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@corsiKa such philosophy. many touching. wow. –  Sabyasachi Apr 9 at 16:06

math stuff?

I'm not like super expert at math, and I only kind of checked my work, but I'm pretty sure this crudely-drawn msPaint picture is correct.

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I'm gonna be honest, the fact that you thought this was posting after all the other awesome answers (and with that ridiculous disclaimer, no less!) is hilarious. I mean, kudos on getting an answer that agrees with Omran Kouba's, but...really? –  Kyle Strand Apr 7 at 18:45

I found this problem interesting enough to make a little animation along the line of @Blue's diagram (but I didn't want to edit their answer without permission):

enter image description here

Mathematica syntax for those who are interested:

G[d_, t_] := {t - (d t)/Sqrt[1 + t^2], d /Sqrt[1 + t^2]}
P[c_, m_] := Show[ParametricPlot[G[# Sqrt[8], t], {t, -4, 4}, 
 PlotStyle -> {Dashed, Hue[#]}, PlotRange -> {{-1.025, 1.025}, {-.025, 
               2 Sqrt[2] + 0.025}}] & /@ (Range[m]/m), 
 ParametricPlot[G[Sqrt[8], t], {t, -1, 1}, PlotStyle -> {Red, Thick}], 
 Graphics[{Black, Disk[{0, 1}, .025], Opacity[0.1], Rectangle[{-1, 0}, {1, 2}],
           Opacity[1], Line[{{c, 0}, G[Sqrt[8], c]}], Disk[{c, 0}, .025],
           {Hue[#], Disk[G[# Sqrt[8], c], .025]} & /@ (Range[m]/m)}],
 Axes -> False]
Manipulate[P[c, m], {c, -1, 1}, {m, 1, 20, 1}]
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Very nice! I'd certainly let you add it to my answer, but I'd prefer it stand alone so that you can get up-votes. –  Blue Apr 7 at 2:53
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ooooh shiny. +1 –  Sabyasachi Apr 7 at 5:13
    
That's beautiful! +1 –  Pontus Magnusson Apr 7 at 16:38
    
We can also forget about the square, and then let this segment rotate even further, its "foot" running along the $x$-axis and its direction such that it always points to the "focus" $(0,b)$ (notation from Blues answer). I wonder if the curve has a name. –  Jeppe Stig Nielsen Apr 8 at 15:22

To avoid some fractions, I'll define $b := a/2$, so that the side of the square is $2b$ and its diagonal has length $2b\sqrt{2}$. Position the square so that its bottom lies on the $x$-axis, and its center lies on the $y$ axis (specifically, at $(0,b)$).

A tilted diagonal determines a line through $(0,b)$ and, say, $(c,0)$, with $c$ some parameter such that $-b \leq c \leq b$. Such a line has equation $$\frac{x}{c} + \frac{y}{b} = 1 \qquad \to \qquad x b + y c = b c \qquad (\star)$$ The upper endpoint, $(x,y)$, of the tilted diagonal is a distance $2b\sqrt{2}$ from $(c,0)$: $$(x-c)^2 + y^2 = 8 b^2 \qquad (\star\star)$$ Eliminating $c$ from $(\star)$ and $(\star\star)$ gives $$x^2 = \frac{(y-b)^2 (8 b^2 - y^2)}{y^2}$$ This equation represents this graph:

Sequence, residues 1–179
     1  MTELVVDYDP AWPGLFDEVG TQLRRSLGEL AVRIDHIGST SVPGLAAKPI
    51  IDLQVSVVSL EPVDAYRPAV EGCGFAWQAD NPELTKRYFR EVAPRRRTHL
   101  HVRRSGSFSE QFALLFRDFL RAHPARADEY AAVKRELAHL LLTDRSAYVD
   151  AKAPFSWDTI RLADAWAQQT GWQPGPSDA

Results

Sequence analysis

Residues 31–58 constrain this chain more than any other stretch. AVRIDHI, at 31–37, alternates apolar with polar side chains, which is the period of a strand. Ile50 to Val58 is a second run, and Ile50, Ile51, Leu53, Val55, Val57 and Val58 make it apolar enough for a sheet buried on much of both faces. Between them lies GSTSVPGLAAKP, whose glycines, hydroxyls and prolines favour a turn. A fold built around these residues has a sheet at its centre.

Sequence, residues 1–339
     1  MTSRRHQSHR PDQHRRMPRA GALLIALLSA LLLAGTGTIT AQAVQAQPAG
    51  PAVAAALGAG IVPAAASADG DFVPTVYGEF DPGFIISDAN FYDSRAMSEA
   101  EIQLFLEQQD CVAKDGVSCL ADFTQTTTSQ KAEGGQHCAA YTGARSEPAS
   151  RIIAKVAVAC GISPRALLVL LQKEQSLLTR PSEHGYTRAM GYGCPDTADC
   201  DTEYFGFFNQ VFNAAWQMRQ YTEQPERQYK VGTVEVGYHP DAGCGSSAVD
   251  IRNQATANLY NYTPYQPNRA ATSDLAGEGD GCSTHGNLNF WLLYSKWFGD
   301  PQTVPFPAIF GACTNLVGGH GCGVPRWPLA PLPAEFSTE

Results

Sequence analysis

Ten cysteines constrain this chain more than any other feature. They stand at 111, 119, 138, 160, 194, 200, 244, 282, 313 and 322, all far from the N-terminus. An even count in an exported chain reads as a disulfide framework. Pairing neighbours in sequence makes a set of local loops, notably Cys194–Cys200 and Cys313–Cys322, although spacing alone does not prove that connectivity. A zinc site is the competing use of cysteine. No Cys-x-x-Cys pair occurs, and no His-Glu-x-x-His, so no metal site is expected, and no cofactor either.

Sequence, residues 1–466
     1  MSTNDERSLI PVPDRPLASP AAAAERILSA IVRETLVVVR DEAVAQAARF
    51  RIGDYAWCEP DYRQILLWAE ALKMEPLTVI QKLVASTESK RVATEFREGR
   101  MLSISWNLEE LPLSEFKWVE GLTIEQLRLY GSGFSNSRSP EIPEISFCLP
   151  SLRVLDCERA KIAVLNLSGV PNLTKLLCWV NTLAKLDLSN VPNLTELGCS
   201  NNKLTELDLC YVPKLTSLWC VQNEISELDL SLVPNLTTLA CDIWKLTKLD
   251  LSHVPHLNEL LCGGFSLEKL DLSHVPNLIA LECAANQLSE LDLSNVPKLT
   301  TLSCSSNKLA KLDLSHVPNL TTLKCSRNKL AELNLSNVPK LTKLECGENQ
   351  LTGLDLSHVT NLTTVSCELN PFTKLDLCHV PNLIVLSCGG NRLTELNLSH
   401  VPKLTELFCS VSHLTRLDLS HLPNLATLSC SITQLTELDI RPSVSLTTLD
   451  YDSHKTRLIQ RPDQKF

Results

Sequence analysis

enter image description here

The area of the portion above the square can be determined via this integral:

$$2\;\int_{2b}^{2b\sqrt{2}}\frac{y-b}{y}\sqrt{8b^2-y^2} \; dy = 2b^2 \left( \pi - 2 \sqrt{2} \log( 1 + \sqrt{2} ) \right) = a^2 \left( \frac{\pi}{2} - \sqrt{2} \log(1+\sqrt{2})\right)$$ which agrees with both @OmranKouba and @IanMateus.

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This isn't really an answer, but I wanted to record my observation that the curve in question is not actually a circle.

Let's say the square has corners at $(\pm 1, \pm 1)$ so that the center is at the origin (and the diagonal has length $\sqrt{8}$). If we fix a point $(s,-1)$ on the lower edge of the square, the line through $(s,-1)$ and $(0,0)$ is parametrized by $t \mapsto (-ts, t)$. The point on this line which is distance $\sqrt{8}$ from $(s,-1)$ corresponds to $t$ being the positive solution of $$(-ts-s)^2+(t+1)^2=8$$ which is $$t = -1 + \sqrt{\frac{8}{s^2+1}}.$$ So the curve is parametrized by $$(x(s),y(s)) = \left( s - s\sqrt{\frac{8}{s^2+1}}, -1+\sqrt{\frac{8}{s^2+1}}\right).$$ If this is indeed a circle, by symmetry its center must be on the $y$-axis at some point $(0, y_0)$ in which case we must have $$x(s)^2 + (y(s)-y_0)^2 = \text{const}$$ or, differentiating, $$2 x(s) x'(s) + 2 (y(s)-y_0) y'(s) = 0.$$ Solving, we find that we must have $$y_0 = \frac{x(s) x'(s)}{y'(s)} + y(s).$$ But this is not constant. When $s=0$ the right side is $\frac{4-\sqrt{2}}{4}$ while if $s=1$ we get $1$.